Specifically: “It’s soooo good! Main character is a cybernetic being who would prefer to just watch its TV programs, but the stupid humans keep getting in the way, doing stupid stuff… and Murderbot has to go and save their sorry as*#s.”

I sympathise with Murderbot. And if I enjoy the book there are a lot more to follow.

robot woman

I hope you enjoyed these recommendations of books I haven’t read yet. I take no responsibility if any of them turn out to be mediocre.

Have you read any of these books or are you tempted based on my descriptions? Any other recommendations for books I should read?

Subscribe to my blog and you might hear what I thought about these books after I read them and if they helped with my writer’s block. Maybe.

Author: A.S. Akkalon

By day, A.S. Akkalon works in an office where the computers outnumber the suits of armour more than two-to-one. By night, she puts dreams of medieval castles, swords, and dragons onto paper.

4 thoughts on “A plan for overcoming writer’s block”

  1. I like this plan – and you have picked some very different books which is great!

    I LOVED Piranesi, it really helped kick me back into a reading habit last year. It’s so effective as a mystery, just when you’re about to give up in frustration over the complete lack of context she drops in a clue to hook you back in. And it is so atmospheric, and kind of calming. As an introvert who gets overwhelmed by busy places I could see the appeal of spending some time in the House!

    I however hated This Is How You Lose The Time War lol it was like my nightmare in book format. Super cool premise executed in the worst way for somehow who generally hates overly poetic! All style and no substance, it felt like a writing flex rather than attempt to tell a story, and what plot there was so so predictable it was boring. Only good thing I had to say about it was that it was only 200 pages.

    Thursday Murder Club is a delight! Fun light reading, charming characters.

    I have looked at Murderbot many times but never bought it because the first book has always reasonably priced but if I did love it the rest of the series were far too expensive for such short eBooks! Looking it up now on Amazon they have reduced the prices to something a bit more reasonable (£7-9 rather than £15-20!) but still more than I personally want to pay for a 160 page eBook when I have so many other options!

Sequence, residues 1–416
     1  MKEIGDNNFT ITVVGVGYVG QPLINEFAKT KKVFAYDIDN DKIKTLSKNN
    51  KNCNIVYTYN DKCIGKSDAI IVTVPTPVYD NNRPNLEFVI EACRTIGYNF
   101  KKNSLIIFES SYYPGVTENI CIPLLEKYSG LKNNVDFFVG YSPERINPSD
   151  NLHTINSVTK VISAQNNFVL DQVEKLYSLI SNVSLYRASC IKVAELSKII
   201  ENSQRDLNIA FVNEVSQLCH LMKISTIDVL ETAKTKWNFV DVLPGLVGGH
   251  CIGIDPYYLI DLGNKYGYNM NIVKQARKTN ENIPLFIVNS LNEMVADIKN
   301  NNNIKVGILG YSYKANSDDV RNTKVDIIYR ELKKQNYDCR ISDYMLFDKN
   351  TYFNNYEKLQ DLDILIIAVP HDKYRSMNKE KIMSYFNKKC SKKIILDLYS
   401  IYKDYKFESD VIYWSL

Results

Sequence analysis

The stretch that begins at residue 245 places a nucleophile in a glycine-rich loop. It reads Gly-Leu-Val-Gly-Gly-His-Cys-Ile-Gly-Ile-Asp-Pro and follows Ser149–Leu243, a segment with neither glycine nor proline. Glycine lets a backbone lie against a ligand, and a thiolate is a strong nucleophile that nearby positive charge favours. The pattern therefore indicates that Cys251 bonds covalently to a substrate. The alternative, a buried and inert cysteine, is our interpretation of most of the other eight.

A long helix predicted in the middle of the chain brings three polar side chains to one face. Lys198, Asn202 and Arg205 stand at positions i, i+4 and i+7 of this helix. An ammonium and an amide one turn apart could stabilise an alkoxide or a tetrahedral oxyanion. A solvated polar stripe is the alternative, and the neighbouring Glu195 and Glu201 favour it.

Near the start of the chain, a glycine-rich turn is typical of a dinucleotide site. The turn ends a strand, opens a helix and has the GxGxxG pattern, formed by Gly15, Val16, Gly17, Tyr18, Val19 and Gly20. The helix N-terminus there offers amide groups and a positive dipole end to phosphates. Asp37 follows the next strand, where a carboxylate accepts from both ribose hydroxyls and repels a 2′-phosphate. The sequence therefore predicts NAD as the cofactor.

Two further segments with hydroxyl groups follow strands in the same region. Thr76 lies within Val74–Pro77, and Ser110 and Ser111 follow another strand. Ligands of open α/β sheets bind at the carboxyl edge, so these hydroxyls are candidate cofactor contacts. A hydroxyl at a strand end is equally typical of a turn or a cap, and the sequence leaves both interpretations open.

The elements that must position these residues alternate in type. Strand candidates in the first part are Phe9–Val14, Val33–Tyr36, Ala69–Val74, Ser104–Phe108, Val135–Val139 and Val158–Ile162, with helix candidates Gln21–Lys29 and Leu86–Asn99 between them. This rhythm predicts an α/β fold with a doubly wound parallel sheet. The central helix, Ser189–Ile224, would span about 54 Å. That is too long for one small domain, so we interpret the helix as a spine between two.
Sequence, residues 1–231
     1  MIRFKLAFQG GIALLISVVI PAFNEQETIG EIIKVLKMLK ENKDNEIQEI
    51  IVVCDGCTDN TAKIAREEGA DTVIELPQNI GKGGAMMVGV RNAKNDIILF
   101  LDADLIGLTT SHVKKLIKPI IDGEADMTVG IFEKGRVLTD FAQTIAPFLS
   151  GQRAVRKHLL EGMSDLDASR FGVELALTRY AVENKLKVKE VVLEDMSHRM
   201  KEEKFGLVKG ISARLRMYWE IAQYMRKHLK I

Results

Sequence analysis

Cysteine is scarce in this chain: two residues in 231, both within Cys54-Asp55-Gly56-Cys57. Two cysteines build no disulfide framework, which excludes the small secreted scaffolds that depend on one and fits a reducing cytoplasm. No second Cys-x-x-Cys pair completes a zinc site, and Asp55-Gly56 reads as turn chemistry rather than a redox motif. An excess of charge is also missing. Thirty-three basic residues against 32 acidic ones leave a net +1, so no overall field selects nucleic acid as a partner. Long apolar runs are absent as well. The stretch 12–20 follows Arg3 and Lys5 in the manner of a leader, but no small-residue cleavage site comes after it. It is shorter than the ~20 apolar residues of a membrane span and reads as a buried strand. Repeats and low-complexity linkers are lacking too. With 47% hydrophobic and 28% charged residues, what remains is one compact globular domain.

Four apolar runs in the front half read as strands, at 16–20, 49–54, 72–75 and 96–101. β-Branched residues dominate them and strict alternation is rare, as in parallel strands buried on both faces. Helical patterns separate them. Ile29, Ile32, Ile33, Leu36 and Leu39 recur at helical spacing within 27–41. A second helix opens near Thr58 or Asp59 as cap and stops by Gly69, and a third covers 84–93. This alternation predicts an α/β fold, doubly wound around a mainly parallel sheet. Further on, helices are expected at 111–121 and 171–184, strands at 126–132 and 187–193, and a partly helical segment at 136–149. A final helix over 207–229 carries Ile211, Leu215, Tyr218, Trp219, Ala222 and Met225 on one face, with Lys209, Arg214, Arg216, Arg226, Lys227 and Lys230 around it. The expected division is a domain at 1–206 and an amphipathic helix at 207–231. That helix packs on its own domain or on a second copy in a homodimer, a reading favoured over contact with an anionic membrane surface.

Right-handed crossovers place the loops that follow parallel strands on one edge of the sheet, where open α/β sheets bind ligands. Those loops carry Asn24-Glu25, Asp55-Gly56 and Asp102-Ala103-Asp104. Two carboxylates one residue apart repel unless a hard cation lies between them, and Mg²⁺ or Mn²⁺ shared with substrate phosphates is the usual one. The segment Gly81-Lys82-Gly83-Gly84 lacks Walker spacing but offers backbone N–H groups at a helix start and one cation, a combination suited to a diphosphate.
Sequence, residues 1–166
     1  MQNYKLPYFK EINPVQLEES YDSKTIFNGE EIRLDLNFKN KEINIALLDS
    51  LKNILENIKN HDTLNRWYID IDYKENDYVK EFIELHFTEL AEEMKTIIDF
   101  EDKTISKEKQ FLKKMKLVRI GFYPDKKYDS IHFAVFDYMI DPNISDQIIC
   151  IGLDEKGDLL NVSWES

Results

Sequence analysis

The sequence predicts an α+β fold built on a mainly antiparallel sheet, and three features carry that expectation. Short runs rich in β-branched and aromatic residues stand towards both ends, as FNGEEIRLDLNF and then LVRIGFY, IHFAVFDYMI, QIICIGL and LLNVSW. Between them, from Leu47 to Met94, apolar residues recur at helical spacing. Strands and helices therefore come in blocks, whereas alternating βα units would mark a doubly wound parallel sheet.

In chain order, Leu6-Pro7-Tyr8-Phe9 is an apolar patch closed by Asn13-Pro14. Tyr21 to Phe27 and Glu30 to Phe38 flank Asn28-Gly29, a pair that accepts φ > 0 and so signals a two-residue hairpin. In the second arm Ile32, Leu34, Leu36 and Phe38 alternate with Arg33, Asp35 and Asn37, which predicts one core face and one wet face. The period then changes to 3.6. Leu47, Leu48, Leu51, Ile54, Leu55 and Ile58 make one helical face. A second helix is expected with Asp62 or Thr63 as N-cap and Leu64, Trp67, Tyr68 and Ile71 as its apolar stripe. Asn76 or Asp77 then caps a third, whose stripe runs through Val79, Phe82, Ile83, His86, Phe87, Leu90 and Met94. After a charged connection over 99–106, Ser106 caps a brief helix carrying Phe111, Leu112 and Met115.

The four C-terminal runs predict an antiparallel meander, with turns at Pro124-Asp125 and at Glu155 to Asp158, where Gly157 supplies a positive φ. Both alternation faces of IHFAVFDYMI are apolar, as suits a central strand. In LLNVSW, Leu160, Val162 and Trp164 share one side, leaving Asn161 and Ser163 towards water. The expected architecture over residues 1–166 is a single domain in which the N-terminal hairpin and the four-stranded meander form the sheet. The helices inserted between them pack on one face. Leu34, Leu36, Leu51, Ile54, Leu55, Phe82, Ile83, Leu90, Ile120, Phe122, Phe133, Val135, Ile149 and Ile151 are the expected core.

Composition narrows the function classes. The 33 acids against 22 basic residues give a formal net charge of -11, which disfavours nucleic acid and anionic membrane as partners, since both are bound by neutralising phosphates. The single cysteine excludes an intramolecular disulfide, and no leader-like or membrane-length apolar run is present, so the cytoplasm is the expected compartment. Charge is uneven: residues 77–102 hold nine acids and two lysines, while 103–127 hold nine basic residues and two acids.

1. I did think about just reading fantasy books, but there’s so much interesting stuff across genres, so I decided why limit myself.

      Yes, I felt exactly the same about Piranesi. It *was* calming. I loved how Piranesi’s view of the house differed from how others felt about it.

      I totally see what you mean about This Is How You Lose the Time War. I did enjoy reading it and appreciate the lyricism of the writing, but it’s not the sort of book I could get lost in or would read again.

      Now I’m even more excited about Thursday Murder Club!

  2. As you can see from how long it has taken me to respond to your blog, I could use a calming book about now and Piranesi sounds like just the thing. But! I! Have! So! Much! To! Read! and DO! But enough about me. Your “writer’s block” makes total sense and honestly I don’t even think that’s what it is. You’ve just made a big ol’ huge life change in giving up your job (at least the paid aspect of it), and those things always, 100% of the time, take more time and energy to digest than we expect. But, y’know, do as I say and not as I do 🙂

    1. I’m flattered you still stop by when you’re so busy! And do read Piranesi when you need something calming–but it doesn’t have to be this week. It’s not going anywhere. 🙂

      You could be right about my “writer’s block”. I feel like I could make progress if I could just stop thinking about work! Deep breaths. I’ll get there. Hopefully.